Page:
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  1. #1
    Kingofturtles's Avatar
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    Good carbs?

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    Can someone explain to me why they are called "good carbs"? Carbs are bad, in terms of cholesterol, inflamation and overall health, all carbs are pretty much the same. Are we calling them "good carbs" when we should be describing them as "carbs in good food"? I get how eatig potatoes for carbs are better than eating bread for carbs, but the carbs arent "good" the food surrounding the carbs are "better".

    Is this just a case of mislabeling?

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    The Scientist's Avatar
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    Carbohydrates themselves are not necessarily "bad". They are a problem when...

    1. they increase blood glucose levels above an ideal range. These are high GI foods like processed grains and sugars.

    2. they come packaged with foods that have other "bad" things in them. This is a second argument against grains, gluten-contianing grains mostly.

    3. the carbohydrate in question is fructose. Fructose intake above the moderate amount found in a few servings of fruit is hell on your liver.

    The carbs of choice by many around here (sweet potatoes, squash, etc...) are free of all three of those issues.

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    Yea, people often say carbs instead of grains. The confusion comes from the fact that in CW most of the carbs people eat come from grains. But you are right there are lots of good sources of carbs that avoid eating grains.
    Eating primal is not a diet, it is a way of life.
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    The only concussively demonstrated benefit that I have seen to extremely low, ketosis-inducing, carbohydrate restriction is weight loss. If you are at a healthy weight, eating 20-30% of your calories from carbs is no problem. I have found that about 10-15% makes me feel best, but I don't monitor it carefully, and I'm sure everyone is different.

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    fruit & veggies-- there's your good carbs
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    Quote Originally Posted by The Scientist View Post
    Carbohydrates themselves are not necessarily "bad". They are a problem when...

    1. they increase blood glucose levels above an ideal range. These are high GI foods like processed grains and sugars.

    2. they come packaged with foods that have other "bad" things in them. This is a second argument against grains, gluten-contianing grains mostly.

    3. the carbohydrate in question is fructose. Fructose intake above the moderate amount found in a few servings of fruit is hell on your liver.

    The carbs of choice by many around here (sweet potatoes, squash, etc...) are free of all three of those issues.
    This.

    Grains, sugar, and fructose are the main problems, and that is where most get their carbs from.

    You can't demonize a whole macronutrient in my opinion. But carbs are the most offending one in those with damaged metabolisms (most of us) due to intake of the above offenders.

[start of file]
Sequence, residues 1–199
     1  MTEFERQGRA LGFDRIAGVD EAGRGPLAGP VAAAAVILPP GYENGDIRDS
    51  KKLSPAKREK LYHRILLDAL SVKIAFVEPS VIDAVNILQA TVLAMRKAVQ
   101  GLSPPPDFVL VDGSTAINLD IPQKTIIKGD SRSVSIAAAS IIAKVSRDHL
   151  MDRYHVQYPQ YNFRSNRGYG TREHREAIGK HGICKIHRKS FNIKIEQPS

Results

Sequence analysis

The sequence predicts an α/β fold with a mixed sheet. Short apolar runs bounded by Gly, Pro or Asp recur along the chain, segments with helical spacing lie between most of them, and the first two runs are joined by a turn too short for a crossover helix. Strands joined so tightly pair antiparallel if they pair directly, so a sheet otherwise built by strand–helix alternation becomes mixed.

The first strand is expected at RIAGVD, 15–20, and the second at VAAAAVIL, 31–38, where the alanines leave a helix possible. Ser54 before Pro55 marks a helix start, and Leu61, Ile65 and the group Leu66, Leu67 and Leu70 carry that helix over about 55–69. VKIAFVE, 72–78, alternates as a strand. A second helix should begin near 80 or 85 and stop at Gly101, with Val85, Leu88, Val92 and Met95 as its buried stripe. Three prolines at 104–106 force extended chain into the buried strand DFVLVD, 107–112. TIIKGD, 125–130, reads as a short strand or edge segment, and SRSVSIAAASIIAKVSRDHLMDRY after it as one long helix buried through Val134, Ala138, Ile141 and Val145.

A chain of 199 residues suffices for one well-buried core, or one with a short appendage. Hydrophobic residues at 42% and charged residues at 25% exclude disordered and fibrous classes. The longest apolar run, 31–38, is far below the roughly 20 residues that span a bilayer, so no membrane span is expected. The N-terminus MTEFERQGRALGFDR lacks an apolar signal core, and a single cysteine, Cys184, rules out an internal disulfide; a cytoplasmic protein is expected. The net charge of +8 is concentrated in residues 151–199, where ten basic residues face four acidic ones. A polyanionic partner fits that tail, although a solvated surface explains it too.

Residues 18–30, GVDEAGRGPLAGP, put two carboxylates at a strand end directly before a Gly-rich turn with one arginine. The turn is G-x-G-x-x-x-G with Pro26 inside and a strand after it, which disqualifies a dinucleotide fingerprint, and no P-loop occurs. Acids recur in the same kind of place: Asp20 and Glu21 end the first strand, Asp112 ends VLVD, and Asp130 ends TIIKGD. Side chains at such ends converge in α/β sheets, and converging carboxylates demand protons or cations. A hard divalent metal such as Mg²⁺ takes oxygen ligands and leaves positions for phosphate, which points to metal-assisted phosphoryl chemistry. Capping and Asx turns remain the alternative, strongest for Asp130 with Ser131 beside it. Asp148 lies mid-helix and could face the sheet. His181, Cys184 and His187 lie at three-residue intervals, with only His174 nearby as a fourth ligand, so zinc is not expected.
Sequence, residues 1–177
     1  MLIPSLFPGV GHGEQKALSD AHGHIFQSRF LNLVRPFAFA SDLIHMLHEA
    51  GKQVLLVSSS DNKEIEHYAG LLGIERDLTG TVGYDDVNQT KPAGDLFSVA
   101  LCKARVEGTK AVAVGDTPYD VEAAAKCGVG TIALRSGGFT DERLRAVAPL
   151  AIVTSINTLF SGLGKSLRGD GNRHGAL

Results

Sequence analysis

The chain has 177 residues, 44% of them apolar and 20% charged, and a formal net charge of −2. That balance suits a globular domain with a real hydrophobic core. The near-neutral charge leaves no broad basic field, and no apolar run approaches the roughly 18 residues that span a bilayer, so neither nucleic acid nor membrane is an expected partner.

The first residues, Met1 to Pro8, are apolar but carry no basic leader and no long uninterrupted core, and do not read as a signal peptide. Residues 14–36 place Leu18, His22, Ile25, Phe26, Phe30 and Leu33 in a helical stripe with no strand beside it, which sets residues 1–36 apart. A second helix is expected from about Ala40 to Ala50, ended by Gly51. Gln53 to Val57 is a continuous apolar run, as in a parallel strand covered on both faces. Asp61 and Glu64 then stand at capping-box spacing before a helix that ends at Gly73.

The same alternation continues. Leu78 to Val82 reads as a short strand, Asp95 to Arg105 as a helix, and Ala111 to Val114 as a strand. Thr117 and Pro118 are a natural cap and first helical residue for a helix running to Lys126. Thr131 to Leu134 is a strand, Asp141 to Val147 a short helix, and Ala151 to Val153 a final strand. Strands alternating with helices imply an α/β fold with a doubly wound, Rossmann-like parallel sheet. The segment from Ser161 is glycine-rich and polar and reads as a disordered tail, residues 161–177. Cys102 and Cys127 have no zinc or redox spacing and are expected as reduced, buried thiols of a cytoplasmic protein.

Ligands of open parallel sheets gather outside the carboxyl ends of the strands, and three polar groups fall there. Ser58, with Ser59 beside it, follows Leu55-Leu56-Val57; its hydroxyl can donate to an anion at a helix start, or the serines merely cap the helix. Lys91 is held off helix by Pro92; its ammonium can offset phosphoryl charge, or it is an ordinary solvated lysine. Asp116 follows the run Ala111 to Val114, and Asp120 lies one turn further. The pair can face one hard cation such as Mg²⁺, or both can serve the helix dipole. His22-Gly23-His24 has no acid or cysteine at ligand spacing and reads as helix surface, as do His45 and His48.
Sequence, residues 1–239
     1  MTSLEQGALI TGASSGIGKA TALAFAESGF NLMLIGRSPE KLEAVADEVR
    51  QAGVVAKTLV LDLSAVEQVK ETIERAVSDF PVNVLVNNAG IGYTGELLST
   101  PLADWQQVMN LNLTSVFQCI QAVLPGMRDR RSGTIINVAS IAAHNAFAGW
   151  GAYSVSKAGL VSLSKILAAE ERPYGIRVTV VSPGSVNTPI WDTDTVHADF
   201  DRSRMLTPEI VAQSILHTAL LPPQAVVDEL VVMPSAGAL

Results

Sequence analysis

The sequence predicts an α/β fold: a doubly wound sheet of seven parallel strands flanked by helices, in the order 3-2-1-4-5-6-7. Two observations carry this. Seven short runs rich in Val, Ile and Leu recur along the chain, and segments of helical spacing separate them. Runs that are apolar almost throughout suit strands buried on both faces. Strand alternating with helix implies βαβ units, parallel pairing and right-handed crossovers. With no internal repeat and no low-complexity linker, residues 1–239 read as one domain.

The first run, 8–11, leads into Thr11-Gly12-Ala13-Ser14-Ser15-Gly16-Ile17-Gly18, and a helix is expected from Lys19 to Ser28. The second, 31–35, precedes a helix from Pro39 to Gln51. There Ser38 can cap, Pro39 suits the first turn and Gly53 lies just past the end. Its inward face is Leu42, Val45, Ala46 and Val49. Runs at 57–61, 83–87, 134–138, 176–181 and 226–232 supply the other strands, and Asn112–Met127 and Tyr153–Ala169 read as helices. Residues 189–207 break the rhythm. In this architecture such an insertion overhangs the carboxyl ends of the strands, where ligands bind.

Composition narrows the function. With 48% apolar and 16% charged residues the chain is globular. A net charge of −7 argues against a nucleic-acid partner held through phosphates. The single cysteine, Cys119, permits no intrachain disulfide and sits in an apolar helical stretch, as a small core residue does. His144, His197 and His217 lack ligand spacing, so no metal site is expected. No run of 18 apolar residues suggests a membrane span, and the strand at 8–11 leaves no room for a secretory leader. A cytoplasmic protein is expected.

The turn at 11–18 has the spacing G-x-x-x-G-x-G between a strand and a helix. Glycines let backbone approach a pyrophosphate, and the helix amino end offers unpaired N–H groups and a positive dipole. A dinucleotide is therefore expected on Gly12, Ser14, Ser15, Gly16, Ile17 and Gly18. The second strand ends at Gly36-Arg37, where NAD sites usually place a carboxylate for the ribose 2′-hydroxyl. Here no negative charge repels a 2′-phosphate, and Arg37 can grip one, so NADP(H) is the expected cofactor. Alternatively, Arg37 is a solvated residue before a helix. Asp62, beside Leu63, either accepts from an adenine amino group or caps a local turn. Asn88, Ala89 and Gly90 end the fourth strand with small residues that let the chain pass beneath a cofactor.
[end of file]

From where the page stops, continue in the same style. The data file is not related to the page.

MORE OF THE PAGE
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    I'll have a sweet potato over a piece of fruit any day of the week.

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    Quote Originally Posted by The Scientist View Post
    Carbohydrates themselves are not necessarily "bad". They are a problem when...

    1. they increase blood glucose levels above an ideal range. These are high GI foods like processed grains and sugars.
    What would you consider to be the ideal blood glucose range? I have read that permanent nerve damage, beta cell destruction and arterial wall inflammation start happening above 140.

    I have IGT. 8-10 grams of carbs take me to 140 at 1 hour postprandial and it doesn't seem to make much difference whether it is a high GI simple carb or low GI complex carb. I'm not sold on the GI index.

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    As others have said, we are really talking about the quality of carbohydrates, not that carbohydrates are "good/bad." They aren't "bad" for you, it's just that some are more nutritious than others.

    We focus on veggies, then sweet potato/squash/pumpkin, then fruit.

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    Quote Originally Posted by Artbuc View Post
    What would you consider to be the ideal blood glucose range? I have read that permanent nerve damage, beta cell destruction and arterial wall inflammation start happening above 140.

    I have IGT. 8-10 grams of carbs take me to 140 at 1 hour postprandial and it doesn't seem to make much difference whether it is a high GI simple carb or low GI complex carb. I'm not sold on the GI index.
    That seems like an enormous spike for 8-10 grams. At 100mg/dl you have about 5 grams in your blood, total. What is your fasting level before that? I have not tested mine in a long time, but I noticed a huge difference in high vs low GI foods. The data on GI and blood glucose response is well-documented in the scientific literature. I don't know enough about your specific condition to speculate about why you are seeing that kind of response.

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